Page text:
Bankruptcy Judge Rules E&P Companies Can Reject Some Midstream Contracts

Bankruptcy Judge Rules E&P Companies Can Reject Some Midstream Contracts
A New York bankruptcy judge's position on the Sabine Oil & Gas case could dramatically alter the balance of power in the midstream energy market.

New York bankruptcy Judge Shelley Judge Chapman ruled a debtor, Sabine Oil and Gas Corp., could reject, or breach, its gas treatment and gathering contracts with two midstream companies March 8.

In a procedural twist, however, she determined that she could not rule – without further proceedings – on whether certain covenants in the contracts were, in fact, covenants “running with the land”, which cannot be affected by the rejection of the contract. She wrote a “non-binding” opinion that the covenants, which included the dedication of hydrocarbons from certain leases and covenants to pay gathering fees to the midstream companies, were not covenants running with the land under Texas law.

Unless Judge Chapman changes her mind when the issue is ripe for her “binding” opinion, the midstream companies could lose all of their rights under the contracts and be relegated to unsecured creditors in the case.

Stephen Roberts
Stephen Roberts, Partner, Strasburger and Price LLP
Partner, Strasburger and Price LLP

What makes this case particularly significant is that the contracts at issue are similar to those used throughout the industry and, until now, were believed to be the type of contracts a debtor could not reject in bankruptcy. Midstream companies collectively invest billions of dollars annually in developing the infrastructure necessary to gather, process, and transport oil and gas. In exchange, they receive a promise of payment, if and when oil and gas is produced, as well as dedications of the underlying oil and gas mineral interests and associated acreage. The contracts characterize these dedications as covenants running with the land, and they record them in the real property records. The contracts are not only binding on the parties to the contracts, but also upon anyone who acquires the mineral rights in the dedicated area. This serves to protect their substantial capital investment and protect the benefit of their bargain.

Or so they thought.

The bankruptcy code permits a debtor to “reject,” or breach, an “executory” contract that is burdensome to the estate, with court approval. There is no definition of an executory contract in the code, but the case law has generally defined an executory contract as one in which both parties have an ongoing obligation to perform after the date of the bankruptcy filing. However, the case law has excluded rights that run with the land from the definition of executory contracts. So, for example, deed restrictions may meet the definition of an executory contract, but they cannot be rejected because they are binding – not only upon the parties to the contract, but also upon anyone who acquires the land burdened by the deed restrictions.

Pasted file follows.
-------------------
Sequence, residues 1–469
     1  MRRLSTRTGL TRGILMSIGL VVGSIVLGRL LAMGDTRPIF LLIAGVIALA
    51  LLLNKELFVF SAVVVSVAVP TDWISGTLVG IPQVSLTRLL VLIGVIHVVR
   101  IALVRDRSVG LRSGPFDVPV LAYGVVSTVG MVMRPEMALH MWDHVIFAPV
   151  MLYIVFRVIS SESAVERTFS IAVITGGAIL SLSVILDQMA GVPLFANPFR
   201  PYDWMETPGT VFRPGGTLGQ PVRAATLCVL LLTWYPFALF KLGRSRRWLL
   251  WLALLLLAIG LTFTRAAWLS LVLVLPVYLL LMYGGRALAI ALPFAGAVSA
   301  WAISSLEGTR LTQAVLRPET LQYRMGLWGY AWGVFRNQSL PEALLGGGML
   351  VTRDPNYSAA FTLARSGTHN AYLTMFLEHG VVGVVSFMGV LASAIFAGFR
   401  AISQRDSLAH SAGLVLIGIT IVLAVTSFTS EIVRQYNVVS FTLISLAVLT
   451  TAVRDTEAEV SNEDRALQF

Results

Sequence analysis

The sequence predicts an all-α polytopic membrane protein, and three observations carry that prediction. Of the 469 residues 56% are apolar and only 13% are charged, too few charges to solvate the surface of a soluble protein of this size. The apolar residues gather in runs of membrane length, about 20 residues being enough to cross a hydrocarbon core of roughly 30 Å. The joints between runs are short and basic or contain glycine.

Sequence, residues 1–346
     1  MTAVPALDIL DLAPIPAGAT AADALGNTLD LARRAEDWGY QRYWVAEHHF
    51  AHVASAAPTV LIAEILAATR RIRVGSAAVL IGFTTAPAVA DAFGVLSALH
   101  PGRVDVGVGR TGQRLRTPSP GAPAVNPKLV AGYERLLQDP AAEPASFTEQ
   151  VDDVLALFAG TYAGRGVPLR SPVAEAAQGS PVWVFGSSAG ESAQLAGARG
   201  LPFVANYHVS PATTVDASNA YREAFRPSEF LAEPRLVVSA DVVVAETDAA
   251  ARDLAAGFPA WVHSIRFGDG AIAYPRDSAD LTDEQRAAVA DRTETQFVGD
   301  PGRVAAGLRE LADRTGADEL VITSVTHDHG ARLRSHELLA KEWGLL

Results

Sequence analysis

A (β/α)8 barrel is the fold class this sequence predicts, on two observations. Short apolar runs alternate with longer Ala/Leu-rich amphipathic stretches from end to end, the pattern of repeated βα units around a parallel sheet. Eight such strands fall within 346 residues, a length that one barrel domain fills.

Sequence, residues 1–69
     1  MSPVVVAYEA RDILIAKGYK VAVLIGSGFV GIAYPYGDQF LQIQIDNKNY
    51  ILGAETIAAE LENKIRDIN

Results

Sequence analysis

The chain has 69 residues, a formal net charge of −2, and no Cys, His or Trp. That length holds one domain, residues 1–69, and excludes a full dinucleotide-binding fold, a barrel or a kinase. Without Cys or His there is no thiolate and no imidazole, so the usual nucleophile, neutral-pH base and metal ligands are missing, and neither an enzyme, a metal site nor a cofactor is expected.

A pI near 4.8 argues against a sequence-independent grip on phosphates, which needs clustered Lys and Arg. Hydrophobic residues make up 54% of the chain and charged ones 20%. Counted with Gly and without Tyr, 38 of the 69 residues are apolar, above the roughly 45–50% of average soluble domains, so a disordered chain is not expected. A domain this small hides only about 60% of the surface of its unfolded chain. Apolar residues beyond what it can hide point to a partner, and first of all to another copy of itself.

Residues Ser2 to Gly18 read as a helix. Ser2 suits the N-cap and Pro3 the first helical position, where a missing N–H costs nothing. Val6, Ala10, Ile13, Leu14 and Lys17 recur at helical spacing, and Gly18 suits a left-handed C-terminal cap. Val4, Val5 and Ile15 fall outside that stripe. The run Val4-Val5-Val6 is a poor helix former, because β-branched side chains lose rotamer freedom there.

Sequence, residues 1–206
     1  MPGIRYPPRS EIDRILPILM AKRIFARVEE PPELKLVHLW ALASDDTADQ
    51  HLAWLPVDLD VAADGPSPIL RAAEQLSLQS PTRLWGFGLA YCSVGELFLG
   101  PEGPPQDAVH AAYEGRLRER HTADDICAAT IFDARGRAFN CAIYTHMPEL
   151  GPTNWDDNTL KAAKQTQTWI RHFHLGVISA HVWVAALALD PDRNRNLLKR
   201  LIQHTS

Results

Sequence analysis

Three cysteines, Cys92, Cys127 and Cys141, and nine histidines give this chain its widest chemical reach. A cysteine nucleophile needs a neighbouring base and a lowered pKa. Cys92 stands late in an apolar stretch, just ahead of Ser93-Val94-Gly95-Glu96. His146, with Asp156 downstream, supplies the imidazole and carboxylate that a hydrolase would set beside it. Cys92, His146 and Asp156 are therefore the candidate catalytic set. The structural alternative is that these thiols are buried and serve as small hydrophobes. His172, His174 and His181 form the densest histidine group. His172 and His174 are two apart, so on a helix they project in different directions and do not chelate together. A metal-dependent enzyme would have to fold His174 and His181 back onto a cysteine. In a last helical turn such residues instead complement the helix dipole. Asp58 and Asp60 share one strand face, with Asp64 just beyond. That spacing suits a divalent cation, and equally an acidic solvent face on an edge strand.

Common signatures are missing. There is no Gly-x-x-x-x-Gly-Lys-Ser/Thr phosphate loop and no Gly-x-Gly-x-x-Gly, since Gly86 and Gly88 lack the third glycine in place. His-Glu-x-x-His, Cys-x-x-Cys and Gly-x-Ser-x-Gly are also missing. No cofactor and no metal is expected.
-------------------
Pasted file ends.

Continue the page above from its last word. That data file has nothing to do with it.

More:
Judge Chapman wrote, in the “non-binding” portion of her opinion, that the covenants were not truly covenants running with the land under Texas law – even though the parties had agreed they were – because the convenants did not reserve an interest in real property. They just delineated the terms of the parties’ contract for providing services. In other words, just because the parties said it was so, didn’t make it so.

Judge Chapman’s opinion will not be the last word on the subject. The same issues have been taken under advisement by bankruptcy judge Laurie S. Silverstein in the Quicksilver Resources Inc. case, which is pending in the Bankruptcy Court in Delaware. In that case, the opposing parties have framed their arguments differently and are being supported by an amicus brief filed by the Gas Processors Association and the Texas Pipeline Association. A ruling is expected soon.

Judge Chapman’s bench decision on Debtor’s Omnibus Motion to Authorize Rejection of Certain Executory Contracts, docket no. 872, is available online.

Stephen Roberts is partner in the Austin office of Strasburger and Price LLP.


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